HIV and Health
Globally, 37.7 million people are living with HIV, with 1.5 million new infections every year. Non-communicable diseases such as cardiovascular diseases, cancers, chronic respiratory diseases and diabetes kill 41 million people each year. Neglected tropical diseases, endemic in 149 countries, affect 1.7 billion people. Outbreaks of Ebola and Zika have devastated communities, hitting the poorest and most vulnerable the hardest. And the COVID-19 pandemic has become one of the greatest challenges humanity has faced since the second World War. As a result, fragile and under-resourced health systems struggle to cope with the catastrophic and chronic health and development impacts.
In a world of increasing multidimensional and complex health and development risks, UNDP’s work on HIV and health is based on the principle that health and development are intrinsically linked, and that investments in health and other areas of development are mutually reinforcing. UNDP’s approach to HIV and health is integrated, multi-disciplinary and multi-sectoral with a strong focus on reducing inequalities within and between countries.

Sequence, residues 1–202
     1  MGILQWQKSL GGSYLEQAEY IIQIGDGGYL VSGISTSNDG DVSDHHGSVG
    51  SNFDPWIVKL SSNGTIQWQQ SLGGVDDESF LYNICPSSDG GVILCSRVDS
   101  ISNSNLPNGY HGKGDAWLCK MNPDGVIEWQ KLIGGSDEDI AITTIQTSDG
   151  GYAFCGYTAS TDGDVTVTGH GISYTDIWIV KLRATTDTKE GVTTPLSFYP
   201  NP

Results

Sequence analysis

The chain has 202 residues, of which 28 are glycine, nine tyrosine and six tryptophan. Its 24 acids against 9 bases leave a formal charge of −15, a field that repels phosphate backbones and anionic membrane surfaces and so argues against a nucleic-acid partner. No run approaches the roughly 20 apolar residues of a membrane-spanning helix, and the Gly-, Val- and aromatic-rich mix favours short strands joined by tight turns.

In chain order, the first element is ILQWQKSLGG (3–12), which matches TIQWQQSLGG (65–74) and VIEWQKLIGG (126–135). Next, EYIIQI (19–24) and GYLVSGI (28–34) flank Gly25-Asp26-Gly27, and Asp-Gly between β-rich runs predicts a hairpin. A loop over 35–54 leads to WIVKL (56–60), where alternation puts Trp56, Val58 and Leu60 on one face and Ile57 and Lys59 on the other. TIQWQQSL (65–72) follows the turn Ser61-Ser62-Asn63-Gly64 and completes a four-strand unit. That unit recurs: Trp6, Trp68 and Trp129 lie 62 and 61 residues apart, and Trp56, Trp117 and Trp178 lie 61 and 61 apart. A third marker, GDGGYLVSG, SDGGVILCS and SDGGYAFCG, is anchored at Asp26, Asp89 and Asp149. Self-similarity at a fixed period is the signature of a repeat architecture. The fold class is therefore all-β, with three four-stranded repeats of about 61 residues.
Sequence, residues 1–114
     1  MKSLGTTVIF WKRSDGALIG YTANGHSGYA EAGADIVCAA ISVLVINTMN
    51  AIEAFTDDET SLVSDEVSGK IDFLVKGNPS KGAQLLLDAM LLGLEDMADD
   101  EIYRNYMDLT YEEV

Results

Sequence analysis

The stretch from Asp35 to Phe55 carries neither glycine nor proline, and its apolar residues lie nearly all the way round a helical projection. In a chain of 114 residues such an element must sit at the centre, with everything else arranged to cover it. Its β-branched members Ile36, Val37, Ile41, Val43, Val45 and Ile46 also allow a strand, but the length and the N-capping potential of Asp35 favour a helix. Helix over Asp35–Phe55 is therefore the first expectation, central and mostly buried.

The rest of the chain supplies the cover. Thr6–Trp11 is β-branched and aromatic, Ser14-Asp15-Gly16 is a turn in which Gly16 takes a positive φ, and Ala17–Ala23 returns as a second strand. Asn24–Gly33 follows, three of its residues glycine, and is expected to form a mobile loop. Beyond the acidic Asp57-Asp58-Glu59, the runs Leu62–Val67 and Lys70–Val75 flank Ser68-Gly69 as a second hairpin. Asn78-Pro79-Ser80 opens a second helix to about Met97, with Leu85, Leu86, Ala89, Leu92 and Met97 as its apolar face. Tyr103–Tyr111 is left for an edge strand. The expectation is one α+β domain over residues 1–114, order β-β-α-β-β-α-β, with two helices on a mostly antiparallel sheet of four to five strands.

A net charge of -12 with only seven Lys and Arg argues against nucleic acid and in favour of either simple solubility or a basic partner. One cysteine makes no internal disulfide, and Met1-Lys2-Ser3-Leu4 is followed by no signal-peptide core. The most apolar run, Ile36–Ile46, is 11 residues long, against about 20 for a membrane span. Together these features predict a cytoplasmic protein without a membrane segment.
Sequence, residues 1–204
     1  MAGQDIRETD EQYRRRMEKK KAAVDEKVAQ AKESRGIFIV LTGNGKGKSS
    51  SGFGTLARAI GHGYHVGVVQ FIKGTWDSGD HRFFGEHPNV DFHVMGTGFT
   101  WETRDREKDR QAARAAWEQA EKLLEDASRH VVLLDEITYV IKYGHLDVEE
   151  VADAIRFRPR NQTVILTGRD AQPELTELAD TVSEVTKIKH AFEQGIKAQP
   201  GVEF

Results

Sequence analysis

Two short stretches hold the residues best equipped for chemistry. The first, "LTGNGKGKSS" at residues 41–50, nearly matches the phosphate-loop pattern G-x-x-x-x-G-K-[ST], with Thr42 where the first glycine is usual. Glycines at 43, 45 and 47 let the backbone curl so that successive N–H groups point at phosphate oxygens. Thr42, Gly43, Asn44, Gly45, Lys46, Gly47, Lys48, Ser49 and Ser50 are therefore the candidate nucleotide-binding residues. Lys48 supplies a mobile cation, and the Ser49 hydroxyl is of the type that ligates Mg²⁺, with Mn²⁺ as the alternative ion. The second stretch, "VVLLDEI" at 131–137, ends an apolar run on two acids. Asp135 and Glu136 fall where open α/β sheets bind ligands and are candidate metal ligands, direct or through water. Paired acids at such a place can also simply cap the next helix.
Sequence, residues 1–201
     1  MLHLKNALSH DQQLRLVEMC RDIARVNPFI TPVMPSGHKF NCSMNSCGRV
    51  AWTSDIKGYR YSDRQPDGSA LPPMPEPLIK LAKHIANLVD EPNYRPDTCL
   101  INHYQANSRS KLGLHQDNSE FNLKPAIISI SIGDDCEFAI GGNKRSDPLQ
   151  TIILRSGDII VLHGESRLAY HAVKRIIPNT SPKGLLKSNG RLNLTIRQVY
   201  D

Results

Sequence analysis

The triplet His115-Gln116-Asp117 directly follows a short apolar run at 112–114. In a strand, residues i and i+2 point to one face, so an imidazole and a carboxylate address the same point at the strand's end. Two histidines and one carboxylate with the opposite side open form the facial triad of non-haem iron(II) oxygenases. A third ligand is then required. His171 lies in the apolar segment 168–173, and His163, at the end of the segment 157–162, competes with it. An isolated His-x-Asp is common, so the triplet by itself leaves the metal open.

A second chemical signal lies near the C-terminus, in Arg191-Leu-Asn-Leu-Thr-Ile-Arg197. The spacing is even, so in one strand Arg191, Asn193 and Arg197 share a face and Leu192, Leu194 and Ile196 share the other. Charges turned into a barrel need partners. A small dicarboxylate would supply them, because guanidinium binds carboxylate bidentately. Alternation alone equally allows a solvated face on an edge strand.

The aim is to strengthen systems for health, including to regain lost ground against HIV, tuberculosis and malaria, and to address emerging issues such as non-communicable diseases, mental health and pandemic preparedness. UNDP’s work in HIV and health also contributes to the organization’s core mission of reducing poverty and inequalities, building resilience and helping to ensure that no one is left behind.
To achieve this, UNDP works in partnership with United Nations, multilateral, government, civil society, academic and private sector partners to deliver health results for the most marginalized and vulnerable while driving equity, resilience and sustainability.
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